Double handle tongue scrapers generally comprise a thin strip of flexible resilient material (e.g., metal) prebent into a U-shape to establish a pair of handles connected by a central curved tongue scraping portion. Since the handles diverge outward from the curved scraping portion, these handles usually do not contact the tongue during scraping, avoiding the aforesaid problem associated with single handle instruments. However, since both handles are gripped to draw the scrapping portion forwardly along the tongue, disengagement of portions of the scraping edge with the tongue frequently occurs due to the inherent flexibility of the handles. In other words, as the gripped handles are brought forward out of the mouth during cleaning, there is a tendency by the user to exert a twisting force on the handles causing the aforesaid separation. Furthermore, since there is a continuous curvature between the handles and the scraping portions, portions of the handles formed adjacent the scraping portion contact the tongue causing the aforesaid involuntary flexing of the tongue to occur, resulting in partial separation of the scraping edge with the tongue surface.
It is accordingly an object of the present invention to provide a tongue cleaning and scraping instrument to extend preventative hygiene of the oral cavity to effective cleaning and massaging of the dorsal mucosa so as to loosen and remove entrapped pathogenic foreign matter and, through abrasive engagement, maintain the papillae in a healthy condition.
Another object of the present invention is to provide a tongue scraper having a pair of handles arranged to avoid contact with the tongue during tongue cleaning so that the scraping edge remains in full contact with portions of the tongue as the handles are brought forward by the user out of the mouth.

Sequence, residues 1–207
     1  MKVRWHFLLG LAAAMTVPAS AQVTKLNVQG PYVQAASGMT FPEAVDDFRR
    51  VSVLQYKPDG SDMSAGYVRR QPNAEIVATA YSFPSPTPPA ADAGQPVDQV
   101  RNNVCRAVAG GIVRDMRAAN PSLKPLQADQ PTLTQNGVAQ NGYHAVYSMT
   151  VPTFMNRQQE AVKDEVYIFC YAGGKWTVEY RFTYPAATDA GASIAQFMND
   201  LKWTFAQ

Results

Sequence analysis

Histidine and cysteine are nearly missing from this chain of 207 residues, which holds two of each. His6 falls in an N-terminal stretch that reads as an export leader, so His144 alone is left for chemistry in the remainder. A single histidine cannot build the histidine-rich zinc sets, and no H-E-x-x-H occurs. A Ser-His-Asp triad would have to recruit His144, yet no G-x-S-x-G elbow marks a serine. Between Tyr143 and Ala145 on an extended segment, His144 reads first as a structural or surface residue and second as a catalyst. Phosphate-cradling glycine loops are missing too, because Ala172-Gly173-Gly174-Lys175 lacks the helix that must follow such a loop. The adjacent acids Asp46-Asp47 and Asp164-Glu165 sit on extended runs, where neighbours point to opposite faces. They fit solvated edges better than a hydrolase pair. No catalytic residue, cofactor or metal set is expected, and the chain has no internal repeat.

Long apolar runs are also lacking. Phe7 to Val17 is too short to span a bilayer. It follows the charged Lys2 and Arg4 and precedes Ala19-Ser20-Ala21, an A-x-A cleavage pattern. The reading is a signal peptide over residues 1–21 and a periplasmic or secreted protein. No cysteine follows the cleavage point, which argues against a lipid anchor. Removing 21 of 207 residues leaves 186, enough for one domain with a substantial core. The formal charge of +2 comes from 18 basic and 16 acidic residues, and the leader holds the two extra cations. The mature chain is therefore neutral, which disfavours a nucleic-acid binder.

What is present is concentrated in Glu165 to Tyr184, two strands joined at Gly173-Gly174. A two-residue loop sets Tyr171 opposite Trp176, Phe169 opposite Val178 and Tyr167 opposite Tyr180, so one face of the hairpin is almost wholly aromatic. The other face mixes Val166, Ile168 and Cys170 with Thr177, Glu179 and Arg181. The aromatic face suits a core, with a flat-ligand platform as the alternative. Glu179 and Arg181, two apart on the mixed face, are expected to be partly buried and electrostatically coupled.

Still another object is to provide a tongue scraper having handles that are easily and comfortably gripped by the user and are configured to resist twisting by the user so that the scraping edge remains in complete contact with desired portions of the tongue.
Yet a further object is to provide a tongue scraper wherein the handles are configured to maximize the effective length of the scraping edge that resists the tendency to separate from portions of the tongue during cleaning.
A tongue scraper, in accordance with the present invention, comprises a pair of elongated handles and a generally straight cross bar formed with a scraping edge. The cross bar includes opposite ends connected respectively to forward ends of the handles. Connections of the opposite ends with the forward ends establish corners so that the scraping edge extends continuously along the cross bar across the full length thereto to intersect the corners.
Each handle is preferably of rectangular cross section and has a width progressively decreasing towards the cross bar. The cross bar extends generally in the plane of the handles and has an inner wall and an outer wall tapered downwards to establish with the inner wall the scraping edge. An upper wall of the cross bar extends generally parallel to and is of greater width than the scraping edge. The uppe wall is also of greater width than portions of the handle formed adjacent the corners. The cross section of each corner is thus generally triangular or sector shaped having a base coplanar with the upper wall of the cross bar. The resulting formation of corners connecting the handles to the cross bar enables the scraper to resist torsional movement tending to be caused by uneven gripping force applied by the user to move the scraper forward out of the oral cavity so that the scraping edge remains in contact with desired portions of the tongue without separation therefrom.